What is a mega-drought? - PAESTA Podcast Series: Episode 34

Episode 34 podcast

You Asked, We Answered!

Transcript of the podcast

Greeting PAESTA podcast listeners! My name is Nick Draves, I am an undergraduate at Penn State Brandywine, and you are listening to “You Asked, We Answered.” This podcast was recorded on Nov. 11th, 2016.


One of the questions you asked is, what is a mega-drought? To better understand what a mega-drought is, I think we have to review what a drought is. To answer this question, we will take a look on how the United States Geological Survey or USGS, defines what a drought is. Though a drought has many definitions depending on the point of view from the person, a drought is a prolonged period when precipitation is less than normal [1]. Another question that needs to be answered is what can cause these extended periods of less than normal rainfall? Climate change is one of these answers. Climate change is a big factor on what can cause a drought. Scientists from the Union of Concerned Scientists noted that with the rise of the temperature over the years, the drought that is present in the western part of the United States has increased. They also noted that with the rise of the temperature, it causes precipitation, that would normal be snowfall, turn into rain, which reduces snowmelt, causing a loss of runoff from the snowmelt [2].


After reviewing what a drought is and what can cause a drought, we can really get into what a mega-drought is. [3] According to Doyle Rice, of USA Today, a mega-drought is a drought that takes place for decades or longer. The name does not have to do about the intensity of the drought, but more of the length of the drought. Even though these droughts may not have been that intense, the length and frequency of them have caused mass migration of humans in the past.  [4] The most well-known mega-drought is the medieval mega-drought, which was a series of droughts that lasted from 900AD to 1400AD. Scientists were able to date the droughts from dead tree stumps they found in the bottom of rivers in the Sierra Nevada. [4] Scott Stine and his team were able to date these dead stumps by using carbon dating. The dead tree stumps were dated to the medieval period. These trees were able to thrive in the valleys of the Sierra Nevada because the drought kept the river bed dry for so many years.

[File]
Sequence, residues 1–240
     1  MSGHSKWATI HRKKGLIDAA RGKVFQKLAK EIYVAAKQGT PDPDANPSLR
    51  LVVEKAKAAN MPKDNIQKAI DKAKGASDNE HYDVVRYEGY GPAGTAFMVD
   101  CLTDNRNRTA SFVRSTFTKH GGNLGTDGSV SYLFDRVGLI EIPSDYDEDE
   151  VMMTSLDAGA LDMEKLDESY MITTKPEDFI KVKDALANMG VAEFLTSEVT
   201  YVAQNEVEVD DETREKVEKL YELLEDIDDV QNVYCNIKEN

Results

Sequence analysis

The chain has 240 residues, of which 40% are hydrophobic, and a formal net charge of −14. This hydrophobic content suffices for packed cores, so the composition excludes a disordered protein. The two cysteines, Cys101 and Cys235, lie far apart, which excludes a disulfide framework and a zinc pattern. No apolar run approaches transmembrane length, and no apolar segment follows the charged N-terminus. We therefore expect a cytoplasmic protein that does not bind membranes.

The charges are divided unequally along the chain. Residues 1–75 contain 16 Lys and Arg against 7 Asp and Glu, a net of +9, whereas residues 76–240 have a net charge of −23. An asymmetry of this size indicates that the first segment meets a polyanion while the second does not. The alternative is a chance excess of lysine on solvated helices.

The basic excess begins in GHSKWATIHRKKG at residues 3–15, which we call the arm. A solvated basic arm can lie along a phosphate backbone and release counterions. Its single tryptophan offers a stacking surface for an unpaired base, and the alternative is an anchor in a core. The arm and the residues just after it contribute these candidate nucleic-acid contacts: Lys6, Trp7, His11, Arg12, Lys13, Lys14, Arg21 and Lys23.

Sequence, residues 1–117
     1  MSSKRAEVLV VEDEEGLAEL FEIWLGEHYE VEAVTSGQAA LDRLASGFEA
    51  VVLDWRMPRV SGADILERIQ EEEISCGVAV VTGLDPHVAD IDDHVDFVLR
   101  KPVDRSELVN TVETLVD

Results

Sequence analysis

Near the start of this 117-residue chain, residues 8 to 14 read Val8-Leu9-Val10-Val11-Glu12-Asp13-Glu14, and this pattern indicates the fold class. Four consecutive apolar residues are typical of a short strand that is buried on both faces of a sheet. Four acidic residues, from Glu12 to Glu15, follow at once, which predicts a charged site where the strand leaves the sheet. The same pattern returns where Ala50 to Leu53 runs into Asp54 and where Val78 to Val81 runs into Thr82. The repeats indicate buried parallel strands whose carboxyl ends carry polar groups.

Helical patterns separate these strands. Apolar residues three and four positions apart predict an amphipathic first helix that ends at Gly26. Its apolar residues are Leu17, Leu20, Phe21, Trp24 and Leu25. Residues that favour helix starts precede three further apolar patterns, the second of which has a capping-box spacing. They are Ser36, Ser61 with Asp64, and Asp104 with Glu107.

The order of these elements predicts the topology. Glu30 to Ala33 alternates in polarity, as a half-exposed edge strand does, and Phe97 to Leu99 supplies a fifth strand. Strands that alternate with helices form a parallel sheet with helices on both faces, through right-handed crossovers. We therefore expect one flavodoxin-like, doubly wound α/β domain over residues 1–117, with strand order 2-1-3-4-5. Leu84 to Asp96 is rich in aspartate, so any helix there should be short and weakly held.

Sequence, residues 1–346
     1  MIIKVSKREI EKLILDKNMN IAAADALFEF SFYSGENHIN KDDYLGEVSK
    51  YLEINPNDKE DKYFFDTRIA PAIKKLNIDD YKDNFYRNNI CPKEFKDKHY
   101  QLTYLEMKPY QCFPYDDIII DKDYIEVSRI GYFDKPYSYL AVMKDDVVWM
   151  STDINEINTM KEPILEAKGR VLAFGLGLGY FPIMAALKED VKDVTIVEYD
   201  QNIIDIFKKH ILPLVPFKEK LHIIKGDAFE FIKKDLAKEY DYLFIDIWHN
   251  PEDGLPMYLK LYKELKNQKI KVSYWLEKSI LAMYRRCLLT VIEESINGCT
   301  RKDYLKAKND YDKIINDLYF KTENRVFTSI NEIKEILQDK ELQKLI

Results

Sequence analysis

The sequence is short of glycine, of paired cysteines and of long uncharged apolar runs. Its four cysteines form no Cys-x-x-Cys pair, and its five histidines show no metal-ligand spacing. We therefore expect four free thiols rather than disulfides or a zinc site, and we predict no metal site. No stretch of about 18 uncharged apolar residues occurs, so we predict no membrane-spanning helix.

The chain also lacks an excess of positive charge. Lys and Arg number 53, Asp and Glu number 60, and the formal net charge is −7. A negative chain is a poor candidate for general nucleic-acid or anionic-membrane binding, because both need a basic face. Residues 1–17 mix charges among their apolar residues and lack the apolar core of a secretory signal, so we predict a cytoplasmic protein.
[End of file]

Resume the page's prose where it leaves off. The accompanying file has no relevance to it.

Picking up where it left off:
The National Oceanic and Atmospheric Administration, or NOAA, has been observing drought behavior for quite some time now. NOAA observes that droughts of the magnitude of the Dust Bowl and the drought in the 50's happen once or twice a century [5]. With the global warming and greenhouse effects in place, the variability could prove a more severe drought in the future, such as a mega drought. If we can expect about two droughts a century, how can we prepare ourselves against these mega-droughts? What can we do in order to ready ourselves? To combat the droughts, the Scientists over at the Union of Concerned Scientists give a few tips on how we can prepare for the increased risk of more frequent and severe droughts. We should better the systems we use for the technology we use to monitor and measure the water supply and water use, nationwide. Water is essential to every living thing. We need to reduce indoor water use through more efficient appliances, technologies, and behaviors. We also need to increase water efficiency through drought tolerant landscape design and improved irrigation technologies, such as resurrection plants, which can retain water for longer periods of time. We need to increase recycling and reuse of water, including capturing and reusing storm water, greywater, and wastewater. We already have the technology available for recycling wastewater, we just need to have the idea of it warm up to people [2].


With these tips from the Union of Concerned Scientists, we as a community, can help the cause of saving water. We can simply implement these tips into our daily routines. Not letting the faucet run while we brush our teeth or wash our hands, taking shorter showers, and by being more aware of the water we use every day, we can make note of where we can reduce the water we use at home. Thank you for listening to “You asked, We Answered”. My name is Nick Draves, and I hope this was as informative for you, as it was for me!



(This audio file was recorded by Nicholas Draves, undergraduate student, Penn State Brandywine, on November 11, 2016. References available in the attached transcript.)